Nobody thinks about asphalt until it comes apart,” Bob Harrington says. “Then, everybody’s interested.”
Harrington is always thinking about asphalt. After building airport runways during the Vietnam War, he embarked on a career in conventional paving. When track owner Roger Penske called about a job at Michigan International Speedway in 1994—the two-mile oval needed a new surface—Harrington and his team came up with a formula to polymerize racing surfaces. It was the beginning of a long collaboration. Harrington has since worked on about thirty tracks, from Daytona to Laguna Seca.
“To build a track is very expensive,” Harrington says. “The racing surface is not an immediate revenue source. But you need it to get other revenue streams going, like beer and hot dogs. So much of motorsports is via TV viewership. The last thing you want is to have the track start coming apart.”
He explained to us what goes into paving a modern racetrack—and why it’s much more complex than paving the highway you use to commute to work.
A. Asphalt for racetracks contains a polymer called styrene-butadiene-styrene (SBS), similar to what makes up Styrofoam cups. This raises the asphalt’s melting point so that it can stand up to the summer sun and hot, supersticky racing tires. The asphalt must therefore be laid down at a higher temperature—about 320 degrees Fahrenheit versus 200 to 300 degrees for public highways. Because of this, it’s mixed as close as possible to the track and transported in insulated trailers. Sometimes, a portable factory setup is brought to the site to streamline the process.
B. A rubber-tired crane is fitted with a rear-mounted generator. A conveyor carries the mix uphill to the paver.
C. The edge of a strip of asphalt is less dense and thus lets in more water—that’s why seams between highway lanes often erode prematurely. To prevent this on a racetrack, the crew rips up and repaves the edges, ensuring that every part of the pavement has between 92 and 97 percent of its maximum theoretical specific gravity.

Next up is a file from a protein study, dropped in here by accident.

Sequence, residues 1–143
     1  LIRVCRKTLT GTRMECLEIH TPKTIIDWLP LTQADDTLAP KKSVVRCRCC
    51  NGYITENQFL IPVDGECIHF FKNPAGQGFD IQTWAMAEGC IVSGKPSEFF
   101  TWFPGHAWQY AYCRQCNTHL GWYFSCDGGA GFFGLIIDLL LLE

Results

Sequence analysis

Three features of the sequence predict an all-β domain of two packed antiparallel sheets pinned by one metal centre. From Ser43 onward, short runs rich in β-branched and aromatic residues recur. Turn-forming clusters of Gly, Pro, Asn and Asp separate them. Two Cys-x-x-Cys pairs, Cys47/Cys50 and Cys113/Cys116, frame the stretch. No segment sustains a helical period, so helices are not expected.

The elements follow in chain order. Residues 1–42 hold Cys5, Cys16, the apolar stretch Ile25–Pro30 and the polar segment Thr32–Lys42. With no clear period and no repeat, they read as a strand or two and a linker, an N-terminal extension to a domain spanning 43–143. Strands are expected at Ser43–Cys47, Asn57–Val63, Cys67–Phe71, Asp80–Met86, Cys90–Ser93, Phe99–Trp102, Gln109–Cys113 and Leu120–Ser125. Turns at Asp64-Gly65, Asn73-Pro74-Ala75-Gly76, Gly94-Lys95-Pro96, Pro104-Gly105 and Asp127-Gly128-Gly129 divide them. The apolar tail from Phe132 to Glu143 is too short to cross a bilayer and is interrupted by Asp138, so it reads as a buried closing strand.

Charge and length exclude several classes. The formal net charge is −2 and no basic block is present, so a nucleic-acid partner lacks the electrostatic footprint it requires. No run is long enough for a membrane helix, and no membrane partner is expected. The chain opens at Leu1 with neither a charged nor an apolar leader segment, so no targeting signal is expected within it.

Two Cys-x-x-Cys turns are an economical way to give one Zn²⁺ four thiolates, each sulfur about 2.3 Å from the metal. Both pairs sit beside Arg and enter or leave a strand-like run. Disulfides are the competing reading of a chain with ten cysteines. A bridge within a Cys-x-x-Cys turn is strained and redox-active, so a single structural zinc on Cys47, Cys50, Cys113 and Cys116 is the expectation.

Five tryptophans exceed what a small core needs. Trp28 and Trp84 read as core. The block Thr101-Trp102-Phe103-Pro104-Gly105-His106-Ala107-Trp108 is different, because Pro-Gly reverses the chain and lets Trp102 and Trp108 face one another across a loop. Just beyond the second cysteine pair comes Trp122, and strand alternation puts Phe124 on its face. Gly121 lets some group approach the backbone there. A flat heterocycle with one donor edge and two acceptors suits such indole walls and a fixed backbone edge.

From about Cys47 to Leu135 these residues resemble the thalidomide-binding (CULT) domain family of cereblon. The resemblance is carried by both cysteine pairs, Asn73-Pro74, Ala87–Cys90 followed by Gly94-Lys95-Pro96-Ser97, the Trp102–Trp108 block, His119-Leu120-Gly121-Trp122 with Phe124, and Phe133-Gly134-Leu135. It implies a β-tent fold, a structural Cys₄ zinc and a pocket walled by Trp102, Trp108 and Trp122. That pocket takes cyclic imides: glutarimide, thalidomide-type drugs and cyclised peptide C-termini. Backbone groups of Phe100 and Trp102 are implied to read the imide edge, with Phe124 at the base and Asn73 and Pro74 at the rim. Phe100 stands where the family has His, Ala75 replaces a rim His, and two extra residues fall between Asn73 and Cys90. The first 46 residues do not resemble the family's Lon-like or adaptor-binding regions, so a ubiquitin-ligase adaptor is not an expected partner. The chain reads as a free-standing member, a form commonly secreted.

D. The track is laid down in three asphalt layers. The base layer is 2.0 inches thick. The middle layer is 1.5 inches thick, and the crew measures it with a profilograph to identify all the bumps and dips—only a certain number are acceptable per mile of pavement. Then they carefully lay down another 1.5-inch-thick wearing surface as the top layer.
E. Racetracks are designed to support huge lateral loads from race cars stopping, turning, and accelerating; that’s the opposite of highways, which are much thicker so they can support extreme vertical loads—like trucks weighing 50 tons.
F. Banked turns, like those at Talladega Superspeedway (repaved in 2006), present special challenges, as heavy construction equipment must be modified to work at severe angles. Bulldozers at the top of the banking, each with an arm, reach over the retaining wall. Cables pass through their arms, preventing the paver and the roller from sliding down the turn. Tension is constantly adjusted so that the roller and the paver stay flat—otherwise they’ll lay down uneven pavement.
In Case Of Emergency
For all the care taken in construction, racetracks still develop potholes. Fast-Track 500, shown here, is one type of emergency repair kit. It has the consistency of brownie mix but hardens in minutes (this example was poured into a cake pan). The compound is designed for hot, dry conditions—quite unlike the cold and wet weather that prevailed when a pothole infamously interrupted the 2010 Daytona 500 for more than two hours. The material that ended up working that day? Bondo.
“The asphalt in modern-day racetracks has nothing to do with state-highway work. A racetrack has no vertical loading to speak of,” Harrington says.